Following Crispin Blunt’s campaign for changes to the Gatwick westerly departure flight route, the modified departure route has finally come into operation today.
The implementation of precision-area navigation (PR-NAV) at Gatwick in 2014 led to a concentrated flight path (Route 4) overflying south Reigate and Redhill, affecting thousands of residents.
Regrettably, the Civil Aviation Authority (CAA) took far longer than expected to complete the Review of the implementation of PR-NAV. In November 2015, the CAA Board adopted a recommendation to alter departure Route 4, which has come into operation today. This makes the Standard Instrument Departure turning circle tighter and ensures that planes taking off to the west and heading east fly back over the constituency further to the south, avoiding the densely populated urban areas of Reigate and Redhill.
Crispin Blunt commented:
“Today’s change should finally bring relief to residents who have been affected by noise pollution caused by the botched implementation of precision navigation from Gatwick Airport. It is regrettable that it has taken so long to make this correction when the problems were so clear from the start.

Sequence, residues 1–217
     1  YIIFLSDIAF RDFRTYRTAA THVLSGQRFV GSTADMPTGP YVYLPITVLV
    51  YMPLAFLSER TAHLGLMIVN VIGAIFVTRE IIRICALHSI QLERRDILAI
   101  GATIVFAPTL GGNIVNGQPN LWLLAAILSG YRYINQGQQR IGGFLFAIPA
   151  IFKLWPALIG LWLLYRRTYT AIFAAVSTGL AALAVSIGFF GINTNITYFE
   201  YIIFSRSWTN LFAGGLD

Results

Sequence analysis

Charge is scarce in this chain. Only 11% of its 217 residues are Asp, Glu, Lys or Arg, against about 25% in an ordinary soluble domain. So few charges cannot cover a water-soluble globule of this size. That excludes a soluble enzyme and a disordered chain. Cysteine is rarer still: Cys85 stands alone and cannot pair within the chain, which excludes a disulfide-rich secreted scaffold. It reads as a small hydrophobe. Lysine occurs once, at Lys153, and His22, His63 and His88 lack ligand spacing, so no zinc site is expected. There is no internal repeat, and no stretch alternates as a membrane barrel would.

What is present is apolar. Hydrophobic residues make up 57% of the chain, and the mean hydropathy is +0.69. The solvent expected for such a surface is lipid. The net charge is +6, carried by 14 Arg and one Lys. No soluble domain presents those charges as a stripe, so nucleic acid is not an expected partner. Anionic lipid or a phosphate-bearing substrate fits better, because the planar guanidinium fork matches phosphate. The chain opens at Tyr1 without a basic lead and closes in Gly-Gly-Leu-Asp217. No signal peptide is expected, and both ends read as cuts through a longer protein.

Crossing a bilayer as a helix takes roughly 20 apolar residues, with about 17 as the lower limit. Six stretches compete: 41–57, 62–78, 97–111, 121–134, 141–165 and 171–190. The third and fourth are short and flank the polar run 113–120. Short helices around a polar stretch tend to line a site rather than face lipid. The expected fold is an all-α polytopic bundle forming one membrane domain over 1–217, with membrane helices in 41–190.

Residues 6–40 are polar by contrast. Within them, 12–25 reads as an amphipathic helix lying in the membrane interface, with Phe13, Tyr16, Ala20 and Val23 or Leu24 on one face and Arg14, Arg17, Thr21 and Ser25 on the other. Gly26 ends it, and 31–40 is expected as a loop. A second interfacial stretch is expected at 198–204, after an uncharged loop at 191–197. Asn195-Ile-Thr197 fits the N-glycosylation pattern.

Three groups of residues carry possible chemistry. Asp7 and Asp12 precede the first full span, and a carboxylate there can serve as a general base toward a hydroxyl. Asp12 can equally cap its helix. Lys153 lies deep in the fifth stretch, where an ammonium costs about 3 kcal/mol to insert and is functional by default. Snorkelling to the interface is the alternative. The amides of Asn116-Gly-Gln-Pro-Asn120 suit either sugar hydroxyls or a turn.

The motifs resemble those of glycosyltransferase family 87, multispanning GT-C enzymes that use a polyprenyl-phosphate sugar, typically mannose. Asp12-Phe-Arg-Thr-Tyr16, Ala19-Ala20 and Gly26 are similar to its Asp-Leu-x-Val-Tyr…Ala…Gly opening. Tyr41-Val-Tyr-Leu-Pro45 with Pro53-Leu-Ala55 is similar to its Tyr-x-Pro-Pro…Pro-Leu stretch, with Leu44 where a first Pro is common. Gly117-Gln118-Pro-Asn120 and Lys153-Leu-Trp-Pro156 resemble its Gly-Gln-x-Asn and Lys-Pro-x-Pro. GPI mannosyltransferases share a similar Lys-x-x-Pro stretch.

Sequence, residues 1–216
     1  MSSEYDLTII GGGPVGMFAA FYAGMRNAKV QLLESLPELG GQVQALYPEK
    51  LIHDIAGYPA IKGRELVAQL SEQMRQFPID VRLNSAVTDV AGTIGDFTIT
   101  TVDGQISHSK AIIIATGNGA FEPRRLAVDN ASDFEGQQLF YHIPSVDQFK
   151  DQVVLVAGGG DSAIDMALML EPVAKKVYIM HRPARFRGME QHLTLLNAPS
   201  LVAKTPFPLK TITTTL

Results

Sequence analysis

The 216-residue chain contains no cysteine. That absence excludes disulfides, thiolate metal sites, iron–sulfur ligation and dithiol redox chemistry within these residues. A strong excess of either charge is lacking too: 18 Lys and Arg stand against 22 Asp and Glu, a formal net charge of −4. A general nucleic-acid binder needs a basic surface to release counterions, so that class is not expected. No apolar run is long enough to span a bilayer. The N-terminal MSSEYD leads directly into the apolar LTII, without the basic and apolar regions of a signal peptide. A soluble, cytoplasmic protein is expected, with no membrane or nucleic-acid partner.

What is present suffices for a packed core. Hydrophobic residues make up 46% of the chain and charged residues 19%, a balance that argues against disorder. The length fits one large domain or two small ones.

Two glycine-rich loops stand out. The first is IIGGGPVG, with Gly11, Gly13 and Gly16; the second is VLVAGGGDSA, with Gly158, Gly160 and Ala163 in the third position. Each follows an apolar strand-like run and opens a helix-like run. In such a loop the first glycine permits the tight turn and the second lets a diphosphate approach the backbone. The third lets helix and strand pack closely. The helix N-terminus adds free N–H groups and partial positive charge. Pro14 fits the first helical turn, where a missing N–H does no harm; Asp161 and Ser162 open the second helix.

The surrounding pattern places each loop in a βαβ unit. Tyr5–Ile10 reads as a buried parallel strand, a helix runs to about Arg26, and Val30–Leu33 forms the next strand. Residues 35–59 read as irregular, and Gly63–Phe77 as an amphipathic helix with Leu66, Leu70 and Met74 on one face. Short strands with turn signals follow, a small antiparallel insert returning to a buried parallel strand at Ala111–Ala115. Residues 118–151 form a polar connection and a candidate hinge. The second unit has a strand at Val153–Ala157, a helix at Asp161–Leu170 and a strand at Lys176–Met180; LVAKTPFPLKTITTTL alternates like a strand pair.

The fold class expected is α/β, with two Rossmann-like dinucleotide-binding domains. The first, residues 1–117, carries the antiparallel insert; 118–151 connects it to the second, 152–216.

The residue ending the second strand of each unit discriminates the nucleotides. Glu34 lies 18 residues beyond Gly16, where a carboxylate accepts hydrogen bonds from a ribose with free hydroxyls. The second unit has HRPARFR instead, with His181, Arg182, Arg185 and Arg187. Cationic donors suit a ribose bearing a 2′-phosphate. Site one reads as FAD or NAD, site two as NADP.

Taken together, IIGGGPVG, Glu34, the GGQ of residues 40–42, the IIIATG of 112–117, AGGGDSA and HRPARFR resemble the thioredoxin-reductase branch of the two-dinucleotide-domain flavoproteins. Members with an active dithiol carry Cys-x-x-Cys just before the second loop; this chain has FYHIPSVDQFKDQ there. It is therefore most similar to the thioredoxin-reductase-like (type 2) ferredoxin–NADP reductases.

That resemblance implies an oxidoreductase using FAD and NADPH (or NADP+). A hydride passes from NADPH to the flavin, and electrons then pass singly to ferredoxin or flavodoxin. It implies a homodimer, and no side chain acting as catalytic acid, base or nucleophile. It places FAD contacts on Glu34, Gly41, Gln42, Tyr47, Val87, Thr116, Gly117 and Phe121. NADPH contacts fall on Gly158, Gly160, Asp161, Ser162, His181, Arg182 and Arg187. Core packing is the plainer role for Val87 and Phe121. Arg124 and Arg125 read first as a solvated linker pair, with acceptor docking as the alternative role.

“I will monitor the impact of the change and I am expecting the Government to review its policy on aviation noise, including ways of implementing these concentrated satellite guided routes so as to provide for greater dispersal and multiple respites for affected areas. Local airports must work with local communities to manage and alleviate aviation noise. This should be Gatwick’s focus now.
“I continue to call on the Government to come forward with a decision to implement the Airports Commission’s recommendation which rejected Gatwick as a location for a new runway and recommended Heathrow with a package of extensive noise mitigation measures and a ban on night flights. Gatwick’s flawed and rejected second runway proposal would lead to an airport with over half a million flights a year, more than Heathrow currently has and with no measures to mitigate noise for local communities.
“The easterly and westerly departures affecting Reigate and Redhill would have potentially twice as many aircraft movements.
“Unlike Heathrow which alternates the use of its runways for take offs and landings giving local communities guaranteed respite, Gatwick’s proposal is to use two runways for take-offs and landings throughout the day and much of the night. Local residents would have more overflight than West London has today but with no respite from noise whatsoever. There’s no credible case for Gatwick from either a local perspective or in terms of national economic benefits. It is time the Government rejects it definitively.”